Monday, January 21, 2013

Science, climate, and energy in the Inaugural Address

It looks like President Obama returned the science love that NASA has been giving him, although not directly to NASA.  Instead, it went to science education, climate change, and energy research.  Here are the relevant excerpts from his speech as transcribed at the Washington Post.
For we have always understood that when times change, so must we, that fidelity to our founding principles requires new responses to new challenges, that preserving our individual freedoms ultimately requires collective action.

For the American people can no more meet the demands of today’s world by acting alone than American soldiers could have met the forces of fascism or communism with muskets and militias. No single person can train all the math and science teachers we’ll need to equip our children for the future. Or build the roads and networks and research labs that will bring new jobs and businesses to our shores.
We, the people, still believe that our obligations as Americans are not just to ourselves, but to all posterity. We will respond to the threat of climate change, knowing that the failure to do so would betray our children and future generations.

Some may still deny the overwhelming judgment of science, but none can avoid the devastating impact of raging fires, and crippling drought, and more powerful storms. The path towards sustainable energy sources will be long and sometimes difficult. But American cannot resist this transition. We must lead it.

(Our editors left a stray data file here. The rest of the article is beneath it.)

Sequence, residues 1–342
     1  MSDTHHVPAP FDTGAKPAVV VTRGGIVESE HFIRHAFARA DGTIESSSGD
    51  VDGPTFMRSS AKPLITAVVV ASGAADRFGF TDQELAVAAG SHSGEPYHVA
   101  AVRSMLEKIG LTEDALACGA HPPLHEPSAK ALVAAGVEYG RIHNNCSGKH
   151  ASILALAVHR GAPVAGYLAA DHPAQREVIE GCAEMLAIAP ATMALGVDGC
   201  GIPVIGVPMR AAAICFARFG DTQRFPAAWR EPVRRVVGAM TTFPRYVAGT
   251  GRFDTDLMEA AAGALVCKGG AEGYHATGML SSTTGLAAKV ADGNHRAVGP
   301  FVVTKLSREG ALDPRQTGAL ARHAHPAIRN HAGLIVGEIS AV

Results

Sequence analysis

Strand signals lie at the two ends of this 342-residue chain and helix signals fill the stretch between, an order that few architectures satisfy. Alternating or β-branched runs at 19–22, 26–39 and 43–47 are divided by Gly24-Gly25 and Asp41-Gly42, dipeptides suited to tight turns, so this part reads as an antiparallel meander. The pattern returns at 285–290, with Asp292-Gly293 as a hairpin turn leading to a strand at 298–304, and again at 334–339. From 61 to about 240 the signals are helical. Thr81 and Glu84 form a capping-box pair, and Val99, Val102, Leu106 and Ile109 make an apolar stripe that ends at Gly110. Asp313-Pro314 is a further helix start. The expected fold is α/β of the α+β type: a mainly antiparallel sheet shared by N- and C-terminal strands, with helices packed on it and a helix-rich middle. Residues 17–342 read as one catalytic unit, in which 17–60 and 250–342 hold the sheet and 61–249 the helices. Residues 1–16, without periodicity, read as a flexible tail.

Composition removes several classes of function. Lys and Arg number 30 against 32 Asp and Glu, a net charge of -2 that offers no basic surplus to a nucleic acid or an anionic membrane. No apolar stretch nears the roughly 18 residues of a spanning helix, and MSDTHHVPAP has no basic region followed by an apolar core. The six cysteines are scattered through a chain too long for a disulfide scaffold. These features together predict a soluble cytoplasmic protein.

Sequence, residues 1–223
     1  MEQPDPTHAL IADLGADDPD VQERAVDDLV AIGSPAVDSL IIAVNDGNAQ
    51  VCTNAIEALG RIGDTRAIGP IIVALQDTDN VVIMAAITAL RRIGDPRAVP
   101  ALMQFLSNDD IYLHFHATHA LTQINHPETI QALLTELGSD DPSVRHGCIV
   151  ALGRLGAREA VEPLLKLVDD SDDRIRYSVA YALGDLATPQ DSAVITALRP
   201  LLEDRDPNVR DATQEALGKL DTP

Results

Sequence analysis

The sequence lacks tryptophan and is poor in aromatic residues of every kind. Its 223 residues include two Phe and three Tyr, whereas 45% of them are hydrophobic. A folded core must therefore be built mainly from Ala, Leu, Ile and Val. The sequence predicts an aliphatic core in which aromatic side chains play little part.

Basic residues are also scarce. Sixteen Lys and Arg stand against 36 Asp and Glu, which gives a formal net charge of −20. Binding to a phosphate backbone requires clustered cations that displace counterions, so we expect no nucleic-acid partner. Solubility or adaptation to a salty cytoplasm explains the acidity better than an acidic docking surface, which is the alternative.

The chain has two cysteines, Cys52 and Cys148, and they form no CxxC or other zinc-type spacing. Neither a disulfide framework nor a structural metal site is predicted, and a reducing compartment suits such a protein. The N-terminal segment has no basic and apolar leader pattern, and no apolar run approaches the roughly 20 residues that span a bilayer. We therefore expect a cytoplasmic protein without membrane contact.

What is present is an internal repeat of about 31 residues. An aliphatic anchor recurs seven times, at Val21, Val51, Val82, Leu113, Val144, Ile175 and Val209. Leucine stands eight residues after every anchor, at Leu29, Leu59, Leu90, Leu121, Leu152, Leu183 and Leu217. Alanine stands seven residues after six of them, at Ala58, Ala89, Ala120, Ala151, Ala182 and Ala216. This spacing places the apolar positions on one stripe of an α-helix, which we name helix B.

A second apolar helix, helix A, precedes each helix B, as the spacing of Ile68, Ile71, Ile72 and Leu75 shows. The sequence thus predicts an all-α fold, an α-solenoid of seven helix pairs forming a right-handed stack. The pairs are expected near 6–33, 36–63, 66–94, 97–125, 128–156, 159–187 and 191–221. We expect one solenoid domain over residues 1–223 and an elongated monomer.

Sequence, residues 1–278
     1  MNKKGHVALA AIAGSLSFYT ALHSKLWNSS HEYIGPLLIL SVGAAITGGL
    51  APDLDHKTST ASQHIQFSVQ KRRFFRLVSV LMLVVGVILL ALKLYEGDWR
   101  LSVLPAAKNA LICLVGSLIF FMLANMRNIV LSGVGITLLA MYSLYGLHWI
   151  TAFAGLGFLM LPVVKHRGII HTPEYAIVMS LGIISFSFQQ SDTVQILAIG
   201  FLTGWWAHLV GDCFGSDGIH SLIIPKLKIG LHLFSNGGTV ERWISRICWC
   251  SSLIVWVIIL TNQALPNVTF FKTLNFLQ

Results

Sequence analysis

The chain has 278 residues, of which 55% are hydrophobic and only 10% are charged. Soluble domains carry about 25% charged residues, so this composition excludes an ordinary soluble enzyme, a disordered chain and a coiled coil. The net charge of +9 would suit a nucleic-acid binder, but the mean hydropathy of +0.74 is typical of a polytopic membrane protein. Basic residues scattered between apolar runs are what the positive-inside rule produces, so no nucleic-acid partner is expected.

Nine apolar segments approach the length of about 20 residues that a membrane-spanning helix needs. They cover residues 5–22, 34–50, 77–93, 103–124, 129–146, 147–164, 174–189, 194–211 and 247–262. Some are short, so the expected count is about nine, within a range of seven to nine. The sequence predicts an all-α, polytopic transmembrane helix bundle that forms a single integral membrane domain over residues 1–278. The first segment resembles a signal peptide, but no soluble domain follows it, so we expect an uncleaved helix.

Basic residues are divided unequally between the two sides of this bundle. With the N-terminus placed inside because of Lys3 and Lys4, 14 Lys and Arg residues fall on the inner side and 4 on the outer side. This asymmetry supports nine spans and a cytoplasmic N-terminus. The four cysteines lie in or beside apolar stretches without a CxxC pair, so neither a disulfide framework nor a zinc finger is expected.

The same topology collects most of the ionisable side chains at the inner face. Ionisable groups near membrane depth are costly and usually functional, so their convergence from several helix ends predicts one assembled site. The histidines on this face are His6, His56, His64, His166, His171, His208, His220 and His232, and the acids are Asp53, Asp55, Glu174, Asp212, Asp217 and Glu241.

We cannot cede to other nations the technology that will power new jobs and new industries. We must claim its promise. That’s how we will maintain our economic vitality and our national treasure, our forests and waterways, our crop lands and snow capped peaks. That is how we will preserve our planet, commanded to our care by God. That’s what will lend meaning to the creed our fathers once declared.
As I've written before, President Obama really likes the idea of sustainable development packaged as making America competitive.  I like it even better now that he's tied in fighting climate change to this theme.  This is good news, not only for us and the planet, but for the nation's Democratic mayors, who had a message for the President on the subject, as Reuters, republished in Scientific American, reported.

Mayors focus on "local warming," urge Obama to act
By Valerie Volcovici and Patrick Rucker
January 18, 2013
WASHINGTON (Reuters) - Reeling from an historic drought, the hottest year on record and more frequent wild weather, mayors from a number of U.S. cities urged the White House this week to take the lead on setting an agenda to address climate change.

City leaders said that only the federal government has the tools and clout to address greenhouse gases often blamed for warming the planet, while mayors focus on issues of "local warming" such as providing a reliable water supply or protecting citizens during dangerous weather events such as the 1995 Chicago heat wave that was blamed for over 700 deaths.

"We are fixing pot holes, dealing with transit issues," Seattle mayor Michael McGinn said while attending the U.S. Conference of Mayors' winter meeting. "But this can be a top tier issue for the president."
Climate change rated three paragraphs in the Inaugural Address, two more than science education, a known priority for the Administration.  I'll take that as a sign that it is now a top tier issue for President Obama.

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